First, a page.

It’s unlikely that Minnesotans who are hyperventilating over a proposed policy on transgender athletes in Minnesota schools will be swayed by facts, but the first woman to play on a boy’s sports team in the state is taking a shot at it anyway.
Peggy Brenden, who played on the tennis team at St. Cloud Tech, has been through this before, she says of the lobbying ads from the Child Protection League, which has mobilized against the draft proposal from the Minnesota State High School League to allow transgender athletes to participate in high school sports. The MSHSL will consider the rule again tomorrow after already putting off a vote a few times.
The Child Protection League first said the rule will require transgender athletes “to take showers with your daughter,” and, in its latest ad, that it’ll lead to “your daughter” losing her shot at a scholarship. Always with the daughters.
“The question I ask is: Is the transgender participation issue really any different from the opposite-gender teammate issue the court addressed back in 1972?” Brenden writes in today’s Star Tribune. Problems of privacy and showering were cited as reasons back then not to allow her to play.
“The only change observable in the psyche of my male teammates and opponents was their heightened desire not to be beaten by a girl,” she adds. “If anything, I inspired those guys to perform at their absolute best!”
And, she hints, your daughter wasn’t going to get a scholarship anyway.
The prospect of losing a college scholarship to a transgender student is no reason to exclude a transgender athlete. The CPLA ad displayed a picture of a girl whose dream of a college scholarship was ostensibly “shattered” because a male took her position on an all-girl team.
But the vast majority of students who fall under the jurisdiction of the league are not participating in sports because it enhances their prospects of winning a scholarship or turning pro. (If that is their goal, most high school athletes are destined for disappointment, because roughly 2 percent of them win sports scholarships at NCAA colleges or universities.)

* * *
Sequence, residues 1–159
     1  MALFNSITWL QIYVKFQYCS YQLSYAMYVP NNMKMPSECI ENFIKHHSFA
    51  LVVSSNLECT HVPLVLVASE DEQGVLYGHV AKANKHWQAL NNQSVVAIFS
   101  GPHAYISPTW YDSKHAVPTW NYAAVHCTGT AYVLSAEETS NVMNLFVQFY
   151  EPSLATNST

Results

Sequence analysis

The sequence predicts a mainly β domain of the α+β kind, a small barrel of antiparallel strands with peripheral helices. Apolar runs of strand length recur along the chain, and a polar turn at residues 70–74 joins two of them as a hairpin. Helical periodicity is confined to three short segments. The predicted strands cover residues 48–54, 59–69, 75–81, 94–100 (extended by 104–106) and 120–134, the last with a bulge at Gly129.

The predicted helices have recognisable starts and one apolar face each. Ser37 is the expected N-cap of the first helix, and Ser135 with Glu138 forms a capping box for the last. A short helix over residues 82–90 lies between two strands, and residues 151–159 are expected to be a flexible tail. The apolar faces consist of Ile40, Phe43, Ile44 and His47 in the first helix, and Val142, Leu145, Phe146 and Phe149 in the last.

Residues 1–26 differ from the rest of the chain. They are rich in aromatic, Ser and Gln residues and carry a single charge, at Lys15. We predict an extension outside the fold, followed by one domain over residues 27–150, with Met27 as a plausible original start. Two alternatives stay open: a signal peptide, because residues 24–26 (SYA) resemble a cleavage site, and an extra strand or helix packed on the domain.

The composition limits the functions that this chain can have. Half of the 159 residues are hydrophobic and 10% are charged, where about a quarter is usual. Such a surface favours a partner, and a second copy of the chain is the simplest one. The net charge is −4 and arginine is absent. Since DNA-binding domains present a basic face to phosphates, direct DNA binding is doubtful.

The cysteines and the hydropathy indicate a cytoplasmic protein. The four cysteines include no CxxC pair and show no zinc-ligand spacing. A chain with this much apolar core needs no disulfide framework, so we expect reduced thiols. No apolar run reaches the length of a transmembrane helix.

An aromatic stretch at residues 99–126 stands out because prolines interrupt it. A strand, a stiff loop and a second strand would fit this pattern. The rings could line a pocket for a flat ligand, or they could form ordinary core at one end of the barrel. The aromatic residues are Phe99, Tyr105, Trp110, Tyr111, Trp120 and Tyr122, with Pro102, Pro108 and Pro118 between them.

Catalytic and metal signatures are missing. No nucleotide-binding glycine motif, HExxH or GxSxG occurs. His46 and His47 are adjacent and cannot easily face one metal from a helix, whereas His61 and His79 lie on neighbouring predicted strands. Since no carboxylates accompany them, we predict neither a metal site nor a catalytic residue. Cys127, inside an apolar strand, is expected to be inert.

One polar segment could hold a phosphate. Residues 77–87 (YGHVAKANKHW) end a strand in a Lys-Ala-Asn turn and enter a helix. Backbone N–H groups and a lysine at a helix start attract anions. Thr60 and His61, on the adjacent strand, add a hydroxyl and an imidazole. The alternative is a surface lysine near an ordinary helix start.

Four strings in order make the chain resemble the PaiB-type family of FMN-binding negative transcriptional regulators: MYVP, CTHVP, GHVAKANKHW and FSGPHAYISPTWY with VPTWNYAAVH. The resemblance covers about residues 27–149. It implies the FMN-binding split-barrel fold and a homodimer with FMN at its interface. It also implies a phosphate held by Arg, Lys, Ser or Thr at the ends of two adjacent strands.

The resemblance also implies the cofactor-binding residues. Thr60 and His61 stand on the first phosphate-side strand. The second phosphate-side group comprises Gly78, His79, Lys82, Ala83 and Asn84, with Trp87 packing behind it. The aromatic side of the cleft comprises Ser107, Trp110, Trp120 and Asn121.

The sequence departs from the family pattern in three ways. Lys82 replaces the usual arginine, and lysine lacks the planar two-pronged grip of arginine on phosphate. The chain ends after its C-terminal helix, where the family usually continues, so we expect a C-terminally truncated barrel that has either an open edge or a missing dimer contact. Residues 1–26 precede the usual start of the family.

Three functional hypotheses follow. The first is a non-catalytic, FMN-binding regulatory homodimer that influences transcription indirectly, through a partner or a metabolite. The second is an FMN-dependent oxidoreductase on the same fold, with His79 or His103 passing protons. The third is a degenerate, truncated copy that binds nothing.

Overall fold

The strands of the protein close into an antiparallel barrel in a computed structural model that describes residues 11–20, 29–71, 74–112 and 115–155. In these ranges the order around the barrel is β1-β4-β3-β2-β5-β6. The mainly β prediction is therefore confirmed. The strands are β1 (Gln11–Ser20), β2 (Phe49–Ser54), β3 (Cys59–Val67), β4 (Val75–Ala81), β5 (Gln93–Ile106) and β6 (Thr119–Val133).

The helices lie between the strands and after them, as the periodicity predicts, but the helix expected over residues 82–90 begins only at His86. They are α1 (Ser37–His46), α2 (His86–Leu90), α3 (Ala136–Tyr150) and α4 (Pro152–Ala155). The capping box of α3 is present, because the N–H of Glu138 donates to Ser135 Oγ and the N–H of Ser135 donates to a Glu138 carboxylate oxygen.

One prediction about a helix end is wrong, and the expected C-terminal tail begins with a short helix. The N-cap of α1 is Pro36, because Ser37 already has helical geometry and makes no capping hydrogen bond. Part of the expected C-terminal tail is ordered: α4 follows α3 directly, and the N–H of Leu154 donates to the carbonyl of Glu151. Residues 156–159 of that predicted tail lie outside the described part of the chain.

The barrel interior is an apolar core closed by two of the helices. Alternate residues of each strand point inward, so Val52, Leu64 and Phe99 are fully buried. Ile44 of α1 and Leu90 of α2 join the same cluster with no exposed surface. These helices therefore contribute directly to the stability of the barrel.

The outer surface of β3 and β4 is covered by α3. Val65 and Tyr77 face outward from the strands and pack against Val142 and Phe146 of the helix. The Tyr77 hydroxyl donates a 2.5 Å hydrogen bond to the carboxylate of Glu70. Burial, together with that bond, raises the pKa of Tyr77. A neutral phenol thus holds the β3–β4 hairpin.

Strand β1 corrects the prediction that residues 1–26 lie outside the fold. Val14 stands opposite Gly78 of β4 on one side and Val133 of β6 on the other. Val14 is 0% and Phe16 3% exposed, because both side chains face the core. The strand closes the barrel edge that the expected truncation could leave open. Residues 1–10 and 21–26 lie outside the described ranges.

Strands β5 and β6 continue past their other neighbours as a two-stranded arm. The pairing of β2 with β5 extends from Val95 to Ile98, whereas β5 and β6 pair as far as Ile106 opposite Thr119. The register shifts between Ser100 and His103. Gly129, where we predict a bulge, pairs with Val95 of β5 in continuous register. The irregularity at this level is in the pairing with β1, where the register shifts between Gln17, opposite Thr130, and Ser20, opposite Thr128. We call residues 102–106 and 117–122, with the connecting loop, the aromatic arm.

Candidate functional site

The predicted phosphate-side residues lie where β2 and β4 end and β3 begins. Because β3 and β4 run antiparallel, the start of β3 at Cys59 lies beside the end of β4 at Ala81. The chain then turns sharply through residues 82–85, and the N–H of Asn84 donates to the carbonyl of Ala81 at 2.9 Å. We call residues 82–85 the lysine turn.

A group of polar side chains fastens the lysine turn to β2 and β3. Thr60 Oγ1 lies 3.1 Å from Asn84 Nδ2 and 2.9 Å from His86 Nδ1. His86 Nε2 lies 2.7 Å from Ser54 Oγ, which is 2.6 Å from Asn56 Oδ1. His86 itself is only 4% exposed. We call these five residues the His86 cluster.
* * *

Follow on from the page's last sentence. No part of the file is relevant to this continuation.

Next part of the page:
Many of the points being raised in this debate were dismissed in 1972 by Judge Miles Lord.
Brought to its base, then, Peggy Brenden and Tony St. Pierre are being prevented from participating on the boys’ interscholastic teams in tennis, cross-country, and cross-country skiing solely on the basis of the fact of sex and sex alone.
The Court is thus of the opinion that in these factual circumstances, the application of the League rules to Peggy Brenden and Tony St. Pierre is arbitrary and unreasonable, in violation of the equal protection clause of the fourteenth amendment.
For this reason, the application of the rule to these two girls cannot stand. The Court is therefore of the opinion that Peggy Brenden should be allowed to compete on the boys’ interscholastic tennis team at St. Cloud Technical High School for the remainder of the current school year and that Tony St. Pierre be allowed to compete on the Hopkins Eisenhower interscholastic cross-country and cross-country skiing teams for the school year 1972-73.
Brenden turned out OK. She’s a lawyer and judge now.
Related: Minn. could allow transgender athletes to pick team that suits them (Minnesota Public Radio News).